19 January 2008


I’d say that developing a “vegan mind”--the gentle, caring, loving attitude towards all creatures, and not least towards other humans--is a spiritual requisite. For a person to contend they speak for voiceless animals, or the oppressed, or against injustice, yet berate people for their beliefs or actions, is, itself, a hypocritical stance. We must somehow love and respect those with whom we disagree, as most spiritual paths teach, not browbeating one’s truth into another. THAT--the loving attitude--is the most difficult place to which I hope we can all aspire to. That is the “vegan mindset.” This remains true even if one contends that the truth she is espousing is a “universal truth” or that one is speaking for the oppressed. In any case, one’s tone is sometimes as important, possibly more so, than the content. People tend to hear HOW something is said--the tone rather than the substance.

Having said that, I recognize that, historically, social justice movements--such as anti-slavery, anti-vivisection, women’s suffrage, civil rights, and so on--have been advanced by those who were proactively on the edge of aggression. However, I believe the jury is still out for those who have been involved in eco-sabotage, as it’s not clear whether their actions have been beneficial. Those in the Animal Rights movement who are involved in civil actions (as I was many years ago) are involved in long-term struggle that has definitely shown some social improvement. Still, one must weigh one’s direct interaction with people and the possible harm that can be engendered, against the effort to make others see the truth. Whether they “see” the truth is probably out of our hands, anyway.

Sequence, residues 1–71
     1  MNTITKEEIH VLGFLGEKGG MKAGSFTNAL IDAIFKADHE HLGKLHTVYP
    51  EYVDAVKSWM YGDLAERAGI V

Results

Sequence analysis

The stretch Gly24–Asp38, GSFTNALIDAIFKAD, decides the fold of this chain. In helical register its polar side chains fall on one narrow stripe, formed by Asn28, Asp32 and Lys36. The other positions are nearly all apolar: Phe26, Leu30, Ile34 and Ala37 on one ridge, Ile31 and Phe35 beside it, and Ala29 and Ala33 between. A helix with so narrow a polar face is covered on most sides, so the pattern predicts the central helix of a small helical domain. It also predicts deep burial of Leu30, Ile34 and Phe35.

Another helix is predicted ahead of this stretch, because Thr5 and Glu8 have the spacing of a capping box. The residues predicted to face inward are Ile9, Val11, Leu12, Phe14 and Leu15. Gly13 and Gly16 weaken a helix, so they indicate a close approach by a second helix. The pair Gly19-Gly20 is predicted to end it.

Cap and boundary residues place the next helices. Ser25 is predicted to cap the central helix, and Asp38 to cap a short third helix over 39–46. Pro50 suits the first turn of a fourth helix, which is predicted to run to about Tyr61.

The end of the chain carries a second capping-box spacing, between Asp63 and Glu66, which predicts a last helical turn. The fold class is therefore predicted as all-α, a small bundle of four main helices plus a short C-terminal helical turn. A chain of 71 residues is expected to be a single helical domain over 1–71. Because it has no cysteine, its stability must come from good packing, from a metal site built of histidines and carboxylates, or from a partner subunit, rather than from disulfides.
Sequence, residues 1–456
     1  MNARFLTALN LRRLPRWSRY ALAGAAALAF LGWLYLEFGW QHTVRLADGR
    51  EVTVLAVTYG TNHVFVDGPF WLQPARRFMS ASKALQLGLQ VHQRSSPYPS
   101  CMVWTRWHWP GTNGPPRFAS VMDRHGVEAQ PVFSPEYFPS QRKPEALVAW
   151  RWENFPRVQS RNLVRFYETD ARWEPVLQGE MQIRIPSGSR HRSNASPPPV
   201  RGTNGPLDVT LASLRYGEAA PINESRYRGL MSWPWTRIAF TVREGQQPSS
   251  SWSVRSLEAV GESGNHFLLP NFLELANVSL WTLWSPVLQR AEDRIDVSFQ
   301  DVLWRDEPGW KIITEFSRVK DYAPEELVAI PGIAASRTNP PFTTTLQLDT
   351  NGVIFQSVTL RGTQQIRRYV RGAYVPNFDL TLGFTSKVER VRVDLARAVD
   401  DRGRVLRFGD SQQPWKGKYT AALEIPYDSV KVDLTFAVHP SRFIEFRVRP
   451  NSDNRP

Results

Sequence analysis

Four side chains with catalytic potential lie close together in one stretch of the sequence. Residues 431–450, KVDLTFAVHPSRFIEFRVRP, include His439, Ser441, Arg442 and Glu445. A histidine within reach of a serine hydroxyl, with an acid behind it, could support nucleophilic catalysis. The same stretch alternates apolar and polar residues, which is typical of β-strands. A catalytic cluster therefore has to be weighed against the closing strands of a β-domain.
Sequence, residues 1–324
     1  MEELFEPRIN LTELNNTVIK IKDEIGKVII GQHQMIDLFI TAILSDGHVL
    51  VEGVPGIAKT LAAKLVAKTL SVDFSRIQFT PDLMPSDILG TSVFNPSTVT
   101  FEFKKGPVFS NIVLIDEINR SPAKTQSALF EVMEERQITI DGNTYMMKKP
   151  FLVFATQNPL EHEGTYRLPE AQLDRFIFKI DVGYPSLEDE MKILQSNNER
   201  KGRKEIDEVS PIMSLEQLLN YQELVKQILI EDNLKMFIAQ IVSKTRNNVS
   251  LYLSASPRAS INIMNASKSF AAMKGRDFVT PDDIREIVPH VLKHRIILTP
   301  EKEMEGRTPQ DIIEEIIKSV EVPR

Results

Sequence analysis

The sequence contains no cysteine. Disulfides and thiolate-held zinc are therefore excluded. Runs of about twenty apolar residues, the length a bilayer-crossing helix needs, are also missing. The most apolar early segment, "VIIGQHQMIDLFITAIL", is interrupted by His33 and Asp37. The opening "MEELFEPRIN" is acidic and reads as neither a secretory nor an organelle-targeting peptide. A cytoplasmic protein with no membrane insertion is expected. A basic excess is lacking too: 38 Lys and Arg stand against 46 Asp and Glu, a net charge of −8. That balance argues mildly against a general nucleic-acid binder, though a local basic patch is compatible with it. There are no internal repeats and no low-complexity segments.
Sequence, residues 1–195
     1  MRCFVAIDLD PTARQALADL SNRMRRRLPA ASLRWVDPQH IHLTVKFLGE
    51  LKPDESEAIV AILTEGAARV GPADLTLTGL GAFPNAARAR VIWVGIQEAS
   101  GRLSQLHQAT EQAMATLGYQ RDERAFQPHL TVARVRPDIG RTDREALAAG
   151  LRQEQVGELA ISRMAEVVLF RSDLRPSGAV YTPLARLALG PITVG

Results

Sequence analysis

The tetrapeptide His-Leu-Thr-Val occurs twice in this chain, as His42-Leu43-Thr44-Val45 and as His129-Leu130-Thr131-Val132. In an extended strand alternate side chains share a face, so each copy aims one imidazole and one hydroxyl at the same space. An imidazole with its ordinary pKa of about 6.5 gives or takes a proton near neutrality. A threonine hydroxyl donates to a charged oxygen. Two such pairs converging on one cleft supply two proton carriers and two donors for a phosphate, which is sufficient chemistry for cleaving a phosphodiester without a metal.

And, harming people, including their feelings, is a real harm. If you contend that not speaking up for the voiceless and the oppressed, or not speaking out about injustice, is a greater harm, then be thankful that you have been blessed with this knowledge. But, also know that the wisdom of carrying your message with love, is a greater calling.

A personal note: I would be loathe to claim I have no hypocrisy in my life. I assume as humans we all have it. Indeed, my response above is rather didactic, on the verge of sanctimoniousness, and was not requested by anyone. I apologize if I cause any hard feelings. Also, in the past I have played the role of the all-knowing orthorexic truth teller; nevertheless, I probably never convinced anyone of anything. (Oops! The above discussion belies that I have left off completely the attempt to spread the "truth!" So, still guilty!) Now, I live by example, whether anyone notices or not. That works!

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